This is the best fiction book I read this year. The first Chapter is simply amazing. I saw myself there, really breathing spring's air. Each page has a scent of deep loneliness, a tourmenting sadness. If I had to give it a color, this book would be bluey-gray.

Vechiul oraş imperial este una dintre cele mai bune cărţi pe care le-am citit anul acesta. Este o poveste despre iubire, aşa cum o poartă un suflet japonez: blândeţea şi duioşia dragostei de mamă pentru fiica ei, dragostea ren'ai a soţiei
Kawabata's gone a bit 'Carrie Bradshaw' with this one. I liked it, but it didn't feel as significant as The Master of Go or as emotionally engaging as Beauty and Sadness or The Sound of the Mountain.

I knew Japan had been weird about twins! In your face "The Thousand Autumns of Jacob de Zoet":
"Twenty years ago it was not only that her parents would have been embarrassed at having twins,"
"'Twenty years ago twins weren't accepted, but now it's nothing,'"

This is very interesting from Persona: A
Beautiful novel; Chieko is the young daughter of a Kyoto kimono designer/seller Takichiro and his wife Shige; losing his "inspiration" and believing his business in some trouble, Takechiro (who is grooming Chieko to follow him in the business) 'retires" to a monastery for a little quiet, while Chieko is troubled by the recent revelation that she has been adopted and not only that but her parents 'stole" her as a newborn baby on the steps of a temple; courted by two and soon three young men (a ch ...more
There are books that are not for everybody because they are so seemingly complex. And there are books that are not for everybody because they are so seemingly simple. This book falls in the latter category. Kawabata is an acquired taste. I like his books because of their understated beauty - the kind you don't see unless you look carefully and pay attention and your mind is quiet enough to hear. What happens in this book? It almost doesn't matter. A young adopted daughter meets a sister she neve ...more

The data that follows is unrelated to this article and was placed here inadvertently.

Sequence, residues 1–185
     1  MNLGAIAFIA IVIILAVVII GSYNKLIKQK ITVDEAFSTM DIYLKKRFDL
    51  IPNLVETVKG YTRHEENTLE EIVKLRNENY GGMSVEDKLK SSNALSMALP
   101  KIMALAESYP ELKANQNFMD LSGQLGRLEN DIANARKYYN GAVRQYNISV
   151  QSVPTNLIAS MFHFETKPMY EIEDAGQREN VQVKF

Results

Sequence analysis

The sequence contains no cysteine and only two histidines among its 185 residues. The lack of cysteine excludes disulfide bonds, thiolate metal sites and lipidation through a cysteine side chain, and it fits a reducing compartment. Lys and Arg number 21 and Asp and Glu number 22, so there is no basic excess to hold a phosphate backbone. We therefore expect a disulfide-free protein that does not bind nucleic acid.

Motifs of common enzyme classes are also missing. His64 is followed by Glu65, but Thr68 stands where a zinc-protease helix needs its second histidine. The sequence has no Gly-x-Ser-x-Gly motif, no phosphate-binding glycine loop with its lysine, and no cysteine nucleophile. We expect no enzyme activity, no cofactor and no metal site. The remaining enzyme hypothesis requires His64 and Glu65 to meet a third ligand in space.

If you interested in Prize winning novels or want to read the best of Yasunari Kawabata (who was awarded with the Nobel Prize for Literature in 60's) should read the following novels: The Old Capital (this novel), Snow Country and Thousand Cranes. They are the three novels cited specifically by the Nobel Committee. After reading this, I like is much better than, the more famous "Snow Country".

The magic in his novels are, as I'm beginning to learn, in his prose. I've not stepped foot on the old c
Jun 08, 2008 Scott rated it 3 of 5 stars  ·  review of another edition
Recommended to Scott by: Patricia
Shelves: 1960s, japan
At the end of The Old Capital, Kawabata leaves his readers savoring that uniquely Japanese sentiment of wabisabi, a feeling of pleasant melancholy brought on by an unobtainable desire for the past, completion, and resolution. Set in Kyoto, the ancient capital of Japan, Kawabata's novella introduces Chieko, a young woman who must come to terms with her mysterious birth. But Chieko's story is only part of a narrative that takes the reader on a nostalgic tour of a city steeped in artistic tradition ...more

The grove of cherries inside the main gate to the left of Ninnaji was overflowing with blossoms.

Whenever I see the lovely straight cedars at Kitayama, my spirit feels refreshed.

A small tree stood at the water's edge on the far side; the reflection of its crimson leaves shivered in the flow of the river.

If a novel can be built on haikus, then The Old Capital by Yasunari Kawabata, translated by J Martin Holman, is one. The sentences have the profound simplicity of the form. The narrative is b